Building Effective Responses to Conflict to Strengthen our Communities
Restorative Circles (RC) is a systemic response of community self-care that directly addresses a community’s sense of relatedness, belonging, cohesion and connection. It invites us into a whole new way of understanding and experiencing being in community, engaging in justice, and living interdependently. RC establishes a simple, concrete structure which empowers communities to consciously choose how they would like to respond to misunderstandings and conflict before it occurs – a form of proactive conflict transformation. It enables a community to choose a nonviolent response to conflict that involves the whole community in discovering their own sustainable strategies by addressing immediate as well as underlying long-term causes.
Restorative Circles offers ways for individuals, families, schools, organizations, and communities to create concrete spaces for conflict that are safe and constructive. RC does this by creating a structure and forum through which diverse peoples can dialogue with respect and understanding in order to reach agreements that sustain effective and nurturing relationships, both personally and within our larger society. Restorative Circles has rediscovered and adapted ways for communities to promote responsibility and healing, and recover power on profound levels. It enables us to rethink justice, and to engage with the challenge of consciously building whole system responses to community well-being. This has opened up revolutionary possibilities for furthering a culture of peace.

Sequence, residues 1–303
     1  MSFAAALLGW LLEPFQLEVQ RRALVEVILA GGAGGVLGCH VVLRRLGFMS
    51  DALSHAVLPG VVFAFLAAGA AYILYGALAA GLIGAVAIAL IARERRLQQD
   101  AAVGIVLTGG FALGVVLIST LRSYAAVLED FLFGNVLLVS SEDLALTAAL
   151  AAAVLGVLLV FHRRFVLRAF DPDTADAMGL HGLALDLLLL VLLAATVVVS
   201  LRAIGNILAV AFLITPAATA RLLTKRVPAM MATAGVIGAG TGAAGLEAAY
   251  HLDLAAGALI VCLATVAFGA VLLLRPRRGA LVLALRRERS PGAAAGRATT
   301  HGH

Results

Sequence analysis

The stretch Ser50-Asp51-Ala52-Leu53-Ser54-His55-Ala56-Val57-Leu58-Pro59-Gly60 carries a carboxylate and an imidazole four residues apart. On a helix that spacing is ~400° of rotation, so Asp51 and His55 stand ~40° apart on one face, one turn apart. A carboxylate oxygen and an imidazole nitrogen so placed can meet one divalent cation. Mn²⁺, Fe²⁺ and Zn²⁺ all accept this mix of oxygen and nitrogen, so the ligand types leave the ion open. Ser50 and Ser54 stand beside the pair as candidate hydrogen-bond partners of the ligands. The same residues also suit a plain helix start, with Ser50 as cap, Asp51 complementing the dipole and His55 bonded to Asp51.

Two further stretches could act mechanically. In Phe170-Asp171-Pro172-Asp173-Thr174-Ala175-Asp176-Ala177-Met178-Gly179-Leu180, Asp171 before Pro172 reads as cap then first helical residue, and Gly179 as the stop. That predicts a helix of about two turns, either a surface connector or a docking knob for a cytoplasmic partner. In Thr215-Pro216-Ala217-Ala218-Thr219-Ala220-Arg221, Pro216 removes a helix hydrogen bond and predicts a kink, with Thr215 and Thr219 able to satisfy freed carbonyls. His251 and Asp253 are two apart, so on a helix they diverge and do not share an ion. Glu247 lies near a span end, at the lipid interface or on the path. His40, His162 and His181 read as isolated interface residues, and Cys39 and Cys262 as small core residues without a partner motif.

Restorative Circles, pioneered by Dominic Barter and incorporating many of the skills and principles found in Nonviolent Communication, are being used with long-term success in schools, justice systems, faith groups, organizations and communities around the world. Independent research has found that over 90 percent of conflicts addressed through Restorative Circles have been resolved to the satisfaction of those involved. Restorative Circles were featured by the National Education, Science, Technology and Arts organization (NESTA) of the U.K. as an example of “radical efficiency” because of their effectiveness in delivering better public outcomes for lower cost.